Getting Down to Those Last Few Boxes
The four medium-sized boxes in the basement held the last of the files I’d moved from our old house. The contents were a combination of writings and transcripts from my college days, through the closing of our art gallery right before we moved. It’s not bad when you consider it covered a period of exactly 32 years, minus any tax-related and legal documents. It had been culled several times previously,of course–if it hadn’t, it would probably have filled a hundred such boxes. As it was, though, it was difficult to sort through and discard or shred 3/4 of the contents. Of what remains, half is for my son’s consideration, and a quarter is likely to be turned into digital files. I promised myself to do two things this year, even if I got nothing else done. One was to finish and publish my ebook, and the other was to go through every last bit of those old papers and files and destroy anything superfluous or potentially painful. I was surprised by how much qualified for destruction.
Going through those boxes, however, led me into a sort of rabbit-hole of memory, guilt, anger, sentiment, cold decision, and smiling fondness. It was especially bad during the night when I tried to sleep but would instead lie awake with my life flashing by in my brain, but not in chronological order. There’s irony for you: simplifying my life and possessions complicated my head and my sleep. It’ll pass, I know, but it is a sort of Grief Lite: did I really have all these people in my life at one time, and are they all really gone, via death or changes in my life or theirs? And why did I hang on to some of that stuff, in particular the painful things?
Hanging on to painful letters or other paperwork and mementos is often said to be a sign of the owner’s unwillingness to let go of the pain, that they are somehow fulfilled in being the victim–the denied, the abused, the hurt one. But there is another possibility, and that one is the saved objects serve as warnings, reminders to keep one’s eyes open. All of us go through bad times as we grow from overprotected children to naive young people to gullible, trusting adults and into wised-up ones. By the time we are well into our middle age we accept that people have both good and bad in them, and the ability to live and let live or move on becomes easier. But until we can get to that point, when we are still vulnerable to repeating past mistakes, the warnings serve their purpose.
Sometimes painful mementos are not warnings to ourselves but proof to others how things were, just in case they would ever be needed. Anyone who has undergone a bad divorce, custodial challenges, abusive relationships, or a stalker knows that such items may be the only way you can prove that that “nice guy” or “sweet girl” had a dark side. The victims in such relationships have often done crazy, out-of-character things to end the association, and the mementos may be the only thing they have to explain why.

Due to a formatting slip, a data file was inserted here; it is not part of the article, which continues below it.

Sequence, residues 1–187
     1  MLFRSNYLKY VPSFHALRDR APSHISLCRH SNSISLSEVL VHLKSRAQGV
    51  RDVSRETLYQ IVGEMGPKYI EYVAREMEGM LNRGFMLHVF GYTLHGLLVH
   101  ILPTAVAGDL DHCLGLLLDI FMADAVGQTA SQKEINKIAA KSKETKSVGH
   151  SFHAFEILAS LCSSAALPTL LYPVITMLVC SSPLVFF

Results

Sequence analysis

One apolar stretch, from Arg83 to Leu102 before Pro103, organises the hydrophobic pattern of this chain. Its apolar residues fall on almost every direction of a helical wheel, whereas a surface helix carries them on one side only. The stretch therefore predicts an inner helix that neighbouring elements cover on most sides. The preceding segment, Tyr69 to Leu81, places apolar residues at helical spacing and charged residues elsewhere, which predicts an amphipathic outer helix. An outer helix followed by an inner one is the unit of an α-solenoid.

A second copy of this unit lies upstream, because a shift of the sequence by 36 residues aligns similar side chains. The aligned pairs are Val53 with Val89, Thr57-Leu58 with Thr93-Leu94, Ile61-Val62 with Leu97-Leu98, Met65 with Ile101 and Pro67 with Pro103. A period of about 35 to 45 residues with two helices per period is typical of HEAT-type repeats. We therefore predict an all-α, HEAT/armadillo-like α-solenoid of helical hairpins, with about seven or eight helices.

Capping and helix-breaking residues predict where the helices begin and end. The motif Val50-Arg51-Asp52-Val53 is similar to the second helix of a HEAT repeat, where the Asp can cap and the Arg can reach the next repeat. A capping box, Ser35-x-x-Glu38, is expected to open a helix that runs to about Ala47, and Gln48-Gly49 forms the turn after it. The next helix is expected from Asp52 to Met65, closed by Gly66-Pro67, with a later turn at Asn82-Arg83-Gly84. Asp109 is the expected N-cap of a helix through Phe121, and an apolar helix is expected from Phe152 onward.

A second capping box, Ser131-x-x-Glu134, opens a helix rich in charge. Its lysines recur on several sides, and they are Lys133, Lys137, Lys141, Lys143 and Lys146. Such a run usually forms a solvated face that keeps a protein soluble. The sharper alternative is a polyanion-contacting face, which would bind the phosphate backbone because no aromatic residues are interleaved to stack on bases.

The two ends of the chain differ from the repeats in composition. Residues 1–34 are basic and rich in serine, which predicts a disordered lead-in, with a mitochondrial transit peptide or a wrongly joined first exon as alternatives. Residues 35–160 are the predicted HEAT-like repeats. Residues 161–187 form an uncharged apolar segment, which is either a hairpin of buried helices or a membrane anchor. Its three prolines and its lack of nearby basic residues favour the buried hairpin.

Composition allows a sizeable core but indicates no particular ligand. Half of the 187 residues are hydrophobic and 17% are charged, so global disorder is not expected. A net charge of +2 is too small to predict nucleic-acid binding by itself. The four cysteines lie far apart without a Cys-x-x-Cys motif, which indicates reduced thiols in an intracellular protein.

In both the above instances, keeping painful mementos either as a reminder to oneself or as proof to others, destruction would be tantamount to sweeping the problem under the rug. Instead of letting the bad times go, you might be re-setting the stage for problems later on.
Time, however, can bring good things. With time, many sad things can be let go and good things kept. You can go through the boxes and boxes of papers and happily run them through the shredder. You can pick and choose what you want to leave behind. You can examine your motives and decide if you are still playing the victim or if you are just being a wise grown-up. You can look your past in the face and say, “Well! That was a trip.” You can look at your present and be in charge of your legacy.
We all want the freedom of mind that comes with living fully in the present; it motivates uncluttering and often leads to simplicity and minimalism. Empty boxes equal freedom from the burdens of the past: wounds that have healed, bad times that have ended, cages that opened, problems that have been dealt with, issues that have been addressed, and priorities that have been refreshed, rethought, and renewed. Only in the present do we tell the real story of Us, because we are the unique sum total of all the good and the bad that happened to us, exquisitely edited by our character and our times.